The Danville Town Council has given its support to a new residential development planned for the southwest part of town.
The proposal by Pleasanton-based Ponderosa Homes would bring 20 new residential lots to a small portion of a nearly 110-acre parcel at the end of Midland Way, off San Ramon Valley Boulevard.
As part of its endorsement of the project, the council voted unanimously last Tuesday to certify the final environmental impact report, approve the major subdivision request and allow the developer to remove 14 town-protected trees during construction.
"The applicant, Ponderosa Homes, was effective meeting with neighbors and identifying neighborhood concerns. This is what we expect -- and appreciate -- property owners and builders to do when introducing homes in an existing neighborhood," Danville Mayor Robert Storer said.
The project proposal calls for 20 single-family homes, each ranging roughly between 3,150 and 3,700 square feet, on a low-lying 10-acre portion of the parcel. At least two of the new residential lots would include a smaller, second dwelling unit.
The remaining approximately 99 acres would be designated as permanent open space, under the proposal supported by the council.
About 96% of the open space would be offered to the East Bay Regional Park District to become part of the adjacent Las Trampas Regional Wilderness Area, according to town staff. A public trail would be added to provide access to the wilderness area from the residential community.
The EIR and mitigation measures approved by council members addressed potential project impacts in a range of areas, including air quality, aesthetics, cultural resources, geology and soils, and biological resources.
The lone citizen speaker at the council meeting Tuesday raised questions about hydrological impacts of the project, according to town officials.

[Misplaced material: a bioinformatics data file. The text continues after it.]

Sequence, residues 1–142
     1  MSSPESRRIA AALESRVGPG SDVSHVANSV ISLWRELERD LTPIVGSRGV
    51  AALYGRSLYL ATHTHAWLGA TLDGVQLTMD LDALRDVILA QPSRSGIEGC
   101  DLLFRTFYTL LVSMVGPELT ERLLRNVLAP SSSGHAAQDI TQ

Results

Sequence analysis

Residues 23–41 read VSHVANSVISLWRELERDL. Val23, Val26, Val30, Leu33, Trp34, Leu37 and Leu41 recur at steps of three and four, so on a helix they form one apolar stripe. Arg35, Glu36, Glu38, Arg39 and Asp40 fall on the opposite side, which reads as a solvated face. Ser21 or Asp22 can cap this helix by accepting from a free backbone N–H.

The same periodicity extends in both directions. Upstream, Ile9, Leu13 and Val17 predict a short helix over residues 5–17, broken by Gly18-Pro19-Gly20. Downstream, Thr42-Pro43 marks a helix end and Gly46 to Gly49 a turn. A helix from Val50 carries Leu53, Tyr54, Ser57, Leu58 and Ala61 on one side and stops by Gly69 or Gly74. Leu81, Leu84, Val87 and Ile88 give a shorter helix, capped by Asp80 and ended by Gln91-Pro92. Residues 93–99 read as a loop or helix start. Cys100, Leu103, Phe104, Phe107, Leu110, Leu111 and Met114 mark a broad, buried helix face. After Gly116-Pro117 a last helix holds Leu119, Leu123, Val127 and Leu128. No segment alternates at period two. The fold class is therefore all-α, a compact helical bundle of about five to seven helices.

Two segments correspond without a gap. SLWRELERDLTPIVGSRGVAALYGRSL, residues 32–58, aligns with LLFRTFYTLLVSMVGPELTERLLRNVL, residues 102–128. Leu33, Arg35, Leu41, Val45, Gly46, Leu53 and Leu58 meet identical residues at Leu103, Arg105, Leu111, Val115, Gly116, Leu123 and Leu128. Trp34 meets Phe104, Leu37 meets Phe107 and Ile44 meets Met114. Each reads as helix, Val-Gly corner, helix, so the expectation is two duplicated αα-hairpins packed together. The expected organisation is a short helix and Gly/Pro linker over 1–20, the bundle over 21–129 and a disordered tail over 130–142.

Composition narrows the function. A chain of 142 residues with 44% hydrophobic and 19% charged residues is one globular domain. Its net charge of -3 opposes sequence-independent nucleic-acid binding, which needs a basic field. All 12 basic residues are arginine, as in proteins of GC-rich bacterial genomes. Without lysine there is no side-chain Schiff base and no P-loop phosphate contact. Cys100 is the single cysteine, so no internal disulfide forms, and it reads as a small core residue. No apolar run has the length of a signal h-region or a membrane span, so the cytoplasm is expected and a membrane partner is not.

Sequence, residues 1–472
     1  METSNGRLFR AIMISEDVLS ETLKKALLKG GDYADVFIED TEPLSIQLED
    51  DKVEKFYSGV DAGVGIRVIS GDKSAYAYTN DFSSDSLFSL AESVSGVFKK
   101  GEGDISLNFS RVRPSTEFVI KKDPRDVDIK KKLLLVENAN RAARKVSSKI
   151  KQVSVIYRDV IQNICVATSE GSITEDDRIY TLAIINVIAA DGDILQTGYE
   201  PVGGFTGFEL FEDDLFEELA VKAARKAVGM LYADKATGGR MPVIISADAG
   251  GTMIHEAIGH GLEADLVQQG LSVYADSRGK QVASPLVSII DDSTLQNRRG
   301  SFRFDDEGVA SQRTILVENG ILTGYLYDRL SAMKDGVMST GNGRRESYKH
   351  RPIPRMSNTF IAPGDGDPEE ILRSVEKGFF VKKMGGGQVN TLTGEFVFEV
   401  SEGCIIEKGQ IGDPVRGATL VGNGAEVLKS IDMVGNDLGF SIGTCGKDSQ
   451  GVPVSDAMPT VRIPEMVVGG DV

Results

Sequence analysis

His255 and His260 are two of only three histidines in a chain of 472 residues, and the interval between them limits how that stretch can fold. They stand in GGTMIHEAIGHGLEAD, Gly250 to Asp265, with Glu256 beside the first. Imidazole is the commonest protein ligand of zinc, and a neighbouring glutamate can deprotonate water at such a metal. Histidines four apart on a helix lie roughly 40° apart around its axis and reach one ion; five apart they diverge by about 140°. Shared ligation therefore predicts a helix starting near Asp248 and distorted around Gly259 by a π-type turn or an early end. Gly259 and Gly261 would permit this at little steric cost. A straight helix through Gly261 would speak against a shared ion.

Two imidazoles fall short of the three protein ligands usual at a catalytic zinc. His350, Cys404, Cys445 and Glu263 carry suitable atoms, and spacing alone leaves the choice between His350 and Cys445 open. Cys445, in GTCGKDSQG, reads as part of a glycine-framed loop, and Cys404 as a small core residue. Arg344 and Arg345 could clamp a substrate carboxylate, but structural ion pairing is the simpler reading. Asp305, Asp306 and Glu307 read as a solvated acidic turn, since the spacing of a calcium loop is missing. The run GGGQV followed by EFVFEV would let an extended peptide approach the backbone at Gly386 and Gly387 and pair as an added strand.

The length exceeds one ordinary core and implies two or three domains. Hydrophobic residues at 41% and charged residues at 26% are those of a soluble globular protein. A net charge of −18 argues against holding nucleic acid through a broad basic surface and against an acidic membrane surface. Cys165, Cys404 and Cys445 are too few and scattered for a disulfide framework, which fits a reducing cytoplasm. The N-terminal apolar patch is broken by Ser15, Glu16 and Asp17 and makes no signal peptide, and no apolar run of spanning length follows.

"I believe when people are satisfied with the process and believe their concerns have been heard and mitigated, they have a tendency to support the project by not attending town council meetings," Storer said.
Ponderosa received permission to remove 14 town-protected trees during construction. The company anticipates needing to level other 10 trees that do not have special protections.
Hundreds of other trees at the site will be preserved, including a 54-inch Valley oak near the entrance to the property, Storer said.
The developers must plant new trees of appropriate size and number to equal the total diameter of all removed town-protected trees. All other trees need to be replaced at a 1-to-1 ratio.
Council members also indicated support for Ponderosa's request to rezone the project site from general agricultural to the planned unit development district. The parcel has a land-use designation of rural residential.
The council held the first reading of an ordinance approving the rezone. The final reading of the proposed ordinance is set for April 15.